Los Angeles Philharmonic Orchestra
By the end of the twentieth century, the Los Angeles Philharmonic had established itself as one of the world's leading orchestras. Like other ensembles on the West Coast of the United States, it has served as an important forum for contemporary music.
The Los Angeles Philharmonic was founded in 1919 by Los Angeles multi-millionaire and avid amateur musician William Andrews Clark, Jr. The orchestra's first music director was Walter Henry Rothwell. Rehearsals began on October 13, and the first concert was October 24 at Trinity Auditorium in downtown Los Angeles. The next year the Philharmonic moved into The Temple, a church built in 1907 and renamed Philharmonic Auditorium. Despite the name change, the hall remained a place of worship, and the orchestra had to plan its activities around those of the church. The Philharmonic benefited from the attraction that California held for European expatriates; following Rothwell, its music directors were Georg Schnéevoigt (1927-1929), Artur Rodzinski (1929-1933), Otto Klemperer (1933-1939), Alfred Wallenstein (1943-1956), and Eduard van Beinum (1956-1959).
In 1945 Leopold Stokowski had founded the Hollywood Bowl Symphony for the summer concerts at the Hollywood Bowl, a striking art-deco outdoor concert shell in a lovely natural amphitheater. That orchestra disbanded two years later, and the Los Angeles Philharmonic replaced them as the regular orchestra for this series; though many American orchestras offer summer concerts, few have as high a profile in the cultural lives of their cities as this one did (and still does). In 1962 Zubin Mehta began his long and productive tenure as music director, which lasted until 1978. He burnished the sound of the orchestra, and initiated a successful series of recordings. He was succeeded by Carlo Maria Giulini (1978-1984), who brought his strong identification with the Classical repertory to the orchestra. He was succeeded by André Previn, who had a successful tenure from 1985 to 1989.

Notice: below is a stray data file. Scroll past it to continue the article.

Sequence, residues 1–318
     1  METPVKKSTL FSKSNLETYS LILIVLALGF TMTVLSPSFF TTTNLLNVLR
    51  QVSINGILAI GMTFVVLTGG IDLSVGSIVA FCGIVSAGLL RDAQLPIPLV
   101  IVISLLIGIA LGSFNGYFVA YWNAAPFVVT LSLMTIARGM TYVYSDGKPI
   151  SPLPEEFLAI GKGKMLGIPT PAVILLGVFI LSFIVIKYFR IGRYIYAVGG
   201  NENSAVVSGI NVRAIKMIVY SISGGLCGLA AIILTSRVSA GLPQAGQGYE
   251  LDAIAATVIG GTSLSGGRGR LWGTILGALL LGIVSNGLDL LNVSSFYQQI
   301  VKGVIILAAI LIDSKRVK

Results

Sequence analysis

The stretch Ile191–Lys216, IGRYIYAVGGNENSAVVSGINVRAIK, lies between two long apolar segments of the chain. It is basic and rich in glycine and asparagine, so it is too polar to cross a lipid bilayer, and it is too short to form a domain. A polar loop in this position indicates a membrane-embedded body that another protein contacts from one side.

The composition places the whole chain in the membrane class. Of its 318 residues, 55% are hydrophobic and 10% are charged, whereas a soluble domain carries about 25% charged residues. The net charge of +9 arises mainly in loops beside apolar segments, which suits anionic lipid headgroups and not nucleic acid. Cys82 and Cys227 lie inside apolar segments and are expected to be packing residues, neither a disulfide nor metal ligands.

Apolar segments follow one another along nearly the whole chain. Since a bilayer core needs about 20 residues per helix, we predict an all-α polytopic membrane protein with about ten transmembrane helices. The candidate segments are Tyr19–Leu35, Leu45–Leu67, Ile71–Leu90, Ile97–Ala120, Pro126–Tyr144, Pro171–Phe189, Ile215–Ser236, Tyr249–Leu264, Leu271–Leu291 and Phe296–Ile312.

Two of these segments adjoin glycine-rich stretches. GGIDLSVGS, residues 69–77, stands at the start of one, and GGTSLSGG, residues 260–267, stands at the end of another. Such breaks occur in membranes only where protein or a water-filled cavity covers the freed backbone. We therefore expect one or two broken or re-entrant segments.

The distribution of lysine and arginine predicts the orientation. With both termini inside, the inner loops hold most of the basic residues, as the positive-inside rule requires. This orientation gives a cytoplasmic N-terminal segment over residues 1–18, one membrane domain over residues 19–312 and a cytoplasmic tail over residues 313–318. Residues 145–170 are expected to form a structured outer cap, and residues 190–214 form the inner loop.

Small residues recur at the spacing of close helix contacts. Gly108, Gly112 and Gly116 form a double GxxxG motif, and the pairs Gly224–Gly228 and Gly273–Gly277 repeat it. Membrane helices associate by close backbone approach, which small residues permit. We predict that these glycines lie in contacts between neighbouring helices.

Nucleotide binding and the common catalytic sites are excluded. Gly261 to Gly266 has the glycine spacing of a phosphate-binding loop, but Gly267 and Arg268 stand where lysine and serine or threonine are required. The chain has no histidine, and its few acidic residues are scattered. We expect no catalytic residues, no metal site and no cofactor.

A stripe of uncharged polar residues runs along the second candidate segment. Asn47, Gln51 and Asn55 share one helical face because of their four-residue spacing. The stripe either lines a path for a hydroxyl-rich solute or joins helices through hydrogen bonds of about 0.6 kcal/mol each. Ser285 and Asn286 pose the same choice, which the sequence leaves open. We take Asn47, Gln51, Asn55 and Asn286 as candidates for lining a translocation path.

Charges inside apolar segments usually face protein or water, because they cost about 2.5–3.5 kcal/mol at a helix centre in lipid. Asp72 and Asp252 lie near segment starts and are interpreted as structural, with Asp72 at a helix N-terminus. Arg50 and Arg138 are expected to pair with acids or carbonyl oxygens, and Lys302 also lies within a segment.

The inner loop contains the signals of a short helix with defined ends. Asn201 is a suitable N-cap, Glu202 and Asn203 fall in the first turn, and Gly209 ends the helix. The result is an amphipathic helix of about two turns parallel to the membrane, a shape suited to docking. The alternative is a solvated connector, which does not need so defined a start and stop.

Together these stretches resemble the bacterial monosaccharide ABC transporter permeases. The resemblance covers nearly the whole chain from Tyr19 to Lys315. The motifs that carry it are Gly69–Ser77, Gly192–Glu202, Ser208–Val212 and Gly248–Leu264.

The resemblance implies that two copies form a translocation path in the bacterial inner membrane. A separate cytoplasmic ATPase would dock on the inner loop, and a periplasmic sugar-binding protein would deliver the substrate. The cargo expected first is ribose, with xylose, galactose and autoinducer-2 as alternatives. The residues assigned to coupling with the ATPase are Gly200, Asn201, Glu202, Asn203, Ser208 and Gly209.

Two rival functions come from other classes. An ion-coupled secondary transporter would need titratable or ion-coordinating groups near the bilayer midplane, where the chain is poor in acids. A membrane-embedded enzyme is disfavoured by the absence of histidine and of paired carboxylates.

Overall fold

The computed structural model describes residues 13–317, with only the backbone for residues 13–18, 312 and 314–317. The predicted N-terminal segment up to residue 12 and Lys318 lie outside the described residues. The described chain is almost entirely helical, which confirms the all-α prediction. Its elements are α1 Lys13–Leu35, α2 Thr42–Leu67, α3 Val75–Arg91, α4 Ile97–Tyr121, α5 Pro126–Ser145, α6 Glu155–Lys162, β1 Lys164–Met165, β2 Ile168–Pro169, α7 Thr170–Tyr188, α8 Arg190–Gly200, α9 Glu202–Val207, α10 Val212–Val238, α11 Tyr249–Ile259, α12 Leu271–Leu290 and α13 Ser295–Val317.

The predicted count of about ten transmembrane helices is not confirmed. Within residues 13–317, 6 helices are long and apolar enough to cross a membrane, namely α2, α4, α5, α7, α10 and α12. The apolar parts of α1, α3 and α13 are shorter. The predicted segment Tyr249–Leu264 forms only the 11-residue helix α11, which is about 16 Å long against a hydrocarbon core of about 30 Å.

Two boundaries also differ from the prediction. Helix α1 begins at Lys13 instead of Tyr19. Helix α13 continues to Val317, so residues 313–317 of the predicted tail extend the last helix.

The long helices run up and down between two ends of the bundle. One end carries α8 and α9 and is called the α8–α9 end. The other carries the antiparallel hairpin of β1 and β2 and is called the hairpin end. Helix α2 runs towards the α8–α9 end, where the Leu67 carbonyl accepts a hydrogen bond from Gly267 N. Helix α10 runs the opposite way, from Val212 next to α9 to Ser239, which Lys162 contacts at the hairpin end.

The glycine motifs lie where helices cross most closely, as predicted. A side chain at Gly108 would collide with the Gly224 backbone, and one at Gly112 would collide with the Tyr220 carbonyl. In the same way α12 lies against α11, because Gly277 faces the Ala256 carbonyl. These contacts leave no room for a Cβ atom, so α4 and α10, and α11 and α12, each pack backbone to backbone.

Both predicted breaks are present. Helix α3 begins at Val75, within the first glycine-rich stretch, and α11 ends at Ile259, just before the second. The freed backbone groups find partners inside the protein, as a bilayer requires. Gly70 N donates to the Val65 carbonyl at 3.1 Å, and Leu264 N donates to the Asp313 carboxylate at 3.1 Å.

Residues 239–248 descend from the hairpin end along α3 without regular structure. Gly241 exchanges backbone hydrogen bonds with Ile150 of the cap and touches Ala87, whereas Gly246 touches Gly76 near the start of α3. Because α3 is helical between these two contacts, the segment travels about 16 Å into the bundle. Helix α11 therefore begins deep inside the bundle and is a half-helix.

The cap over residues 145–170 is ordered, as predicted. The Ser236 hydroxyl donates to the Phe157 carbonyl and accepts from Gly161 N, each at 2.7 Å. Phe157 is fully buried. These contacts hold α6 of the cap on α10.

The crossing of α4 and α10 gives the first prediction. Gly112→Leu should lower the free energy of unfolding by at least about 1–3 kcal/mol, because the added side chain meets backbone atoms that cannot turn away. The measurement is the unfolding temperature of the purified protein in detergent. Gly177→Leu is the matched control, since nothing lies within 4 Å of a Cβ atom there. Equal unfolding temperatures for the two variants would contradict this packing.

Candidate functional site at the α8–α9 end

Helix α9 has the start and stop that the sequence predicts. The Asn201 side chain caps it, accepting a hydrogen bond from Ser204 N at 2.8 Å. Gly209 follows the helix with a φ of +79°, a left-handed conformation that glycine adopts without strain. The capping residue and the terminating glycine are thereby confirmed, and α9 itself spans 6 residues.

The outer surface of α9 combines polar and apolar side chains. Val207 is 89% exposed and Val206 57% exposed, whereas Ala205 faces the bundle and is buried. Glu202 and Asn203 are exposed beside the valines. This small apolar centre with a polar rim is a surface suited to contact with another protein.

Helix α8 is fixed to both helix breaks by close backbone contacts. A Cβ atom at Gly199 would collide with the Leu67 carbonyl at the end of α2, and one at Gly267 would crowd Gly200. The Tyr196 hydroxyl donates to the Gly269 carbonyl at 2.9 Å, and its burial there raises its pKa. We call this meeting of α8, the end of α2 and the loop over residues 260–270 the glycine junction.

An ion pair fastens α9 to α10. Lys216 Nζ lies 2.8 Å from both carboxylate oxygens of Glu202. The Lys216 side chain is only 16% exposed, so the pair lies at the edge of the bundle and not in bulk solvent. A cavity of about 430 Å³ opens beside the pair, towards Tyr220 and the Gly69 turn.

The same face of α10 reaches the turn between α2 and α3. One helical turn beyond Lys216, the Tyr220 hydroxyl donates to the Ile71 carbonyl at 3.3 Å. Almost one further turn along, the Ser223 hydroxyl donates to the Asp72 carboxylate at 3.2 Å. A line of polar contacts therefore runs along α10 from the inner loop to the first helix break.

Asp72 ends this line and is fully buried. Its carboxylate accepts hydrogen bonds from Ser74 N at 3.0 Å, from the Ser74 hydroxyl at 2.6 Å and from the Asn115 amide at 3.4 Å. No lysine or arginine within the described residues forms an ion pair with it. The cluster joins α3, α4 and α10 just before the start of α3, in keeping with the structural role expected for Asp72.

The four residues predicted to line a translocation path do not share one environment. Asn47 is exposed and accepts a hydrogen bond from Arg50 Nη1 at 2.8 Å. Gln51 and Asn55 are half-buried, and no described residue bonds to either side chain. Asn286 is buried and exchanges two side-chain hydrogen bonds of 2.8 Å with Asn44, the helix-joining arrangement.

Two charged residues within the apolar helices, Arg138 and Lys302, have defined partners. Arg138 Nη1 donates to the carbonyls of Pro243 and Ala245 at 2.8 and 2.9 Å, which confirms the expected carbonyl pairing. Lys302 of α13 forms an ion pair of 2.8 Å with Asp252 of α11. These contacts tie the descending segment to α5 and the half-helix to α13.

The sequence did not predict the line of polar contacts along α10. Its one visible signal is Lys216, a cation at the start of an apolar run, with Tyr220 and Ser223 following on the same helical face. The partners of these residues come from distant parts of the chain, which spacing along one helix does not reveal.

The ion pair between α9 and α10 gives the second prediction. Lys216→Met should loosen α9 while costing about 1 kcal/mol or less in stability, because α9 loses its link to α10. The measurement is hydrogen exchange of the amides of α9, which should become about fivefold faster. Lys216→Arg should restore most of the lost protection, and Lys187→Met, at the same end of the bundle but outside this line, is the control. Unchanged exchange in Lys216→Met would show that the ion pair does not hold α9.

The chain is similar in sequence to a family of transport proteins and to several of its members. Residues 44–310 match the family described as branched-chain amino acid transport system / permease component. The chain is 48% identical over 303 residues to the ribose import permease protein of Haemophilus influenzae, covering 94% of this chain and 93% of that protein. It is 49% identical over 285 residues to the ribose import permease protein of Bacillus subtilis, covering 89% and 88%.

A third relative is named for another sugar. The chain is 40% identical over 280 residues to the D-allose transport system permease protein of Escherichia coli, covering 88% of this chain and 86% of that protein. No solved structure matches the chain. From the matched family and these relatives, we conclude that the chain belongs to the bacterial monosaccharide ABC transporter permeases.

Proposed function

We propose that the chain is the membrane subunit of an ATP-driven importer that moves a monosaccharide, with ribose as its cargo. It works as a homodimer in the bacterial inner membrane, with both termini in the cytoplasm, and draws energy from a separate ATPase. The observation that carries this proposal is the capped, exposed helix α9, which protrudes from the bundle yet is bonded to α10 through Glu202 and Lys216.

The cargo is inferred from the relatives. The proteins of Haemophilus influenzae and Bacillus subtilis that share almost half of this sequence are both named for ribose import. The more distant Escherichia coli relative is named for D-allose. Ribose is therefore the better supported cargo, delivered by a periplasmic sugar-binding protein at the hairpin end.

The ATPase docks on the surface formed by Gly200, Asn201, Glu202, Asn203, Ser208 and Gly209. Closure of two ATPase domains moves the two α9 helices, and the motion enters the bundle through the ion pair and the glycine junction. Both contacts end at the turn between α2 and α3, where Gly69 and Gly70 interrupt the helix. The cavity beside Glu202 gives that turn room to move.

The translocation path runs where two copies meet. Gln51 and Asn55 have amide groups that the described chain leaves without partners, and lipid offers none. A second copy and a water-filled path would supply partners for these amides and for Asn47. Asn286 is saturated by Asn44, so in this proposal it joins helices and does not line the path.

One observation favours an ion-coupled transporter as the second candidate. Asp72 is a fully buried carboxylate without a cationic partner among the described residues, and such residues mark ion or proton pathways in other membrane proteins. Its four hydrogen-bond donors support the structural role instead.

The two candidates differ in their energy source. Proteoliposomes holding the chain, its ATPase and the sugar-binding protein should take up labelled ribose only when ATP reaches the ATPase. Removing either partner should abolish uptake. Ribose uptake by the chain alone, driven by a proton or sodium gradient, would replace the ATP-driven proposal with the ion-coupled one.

In 1964 the LAPO moved into a new home, the Dorothy Chandler Music Pavilion in downtown Los Angeles. The hall was shared with the Civic Light Opera Association and other concert and theater companies, a situation that grew uncomfortable and limiting for the Philharmonic. A new permanent home for the orchestra, the Walt Disney Concert Hall, featuring a striking design, and titanium and brushed stainless steel exterior, was inaugurated in October 2003. In 1990, the orchestra followed the lead of the Boston Pops by making an organizational distinction between its winter concerts and his summer series by founding the Hollywood Bowl Symphony Orchestra as a separate entity from the Los Angeles Philharmonic. John Mauceri was appointed its music director. In concerts, and on recordings the HBSO stresses its identification with the film capital. The LAPO gives an annual 30-week winter season.
Finnish conductor Esa-Pekka Salonen became the LAPO’s music director in 1992; he has been an exciting conductor for the orchestra, whose programming has been built around the great established classics of the twentieth century, some new music, and a solid representation of established repertoire. Salonen will step down at the end of the 2008-09 season. Replacing him on the podium at the Walt Disney Concert Hall will be Venezuelan conductor Gustavo Dudamel, who will be 28 at the time.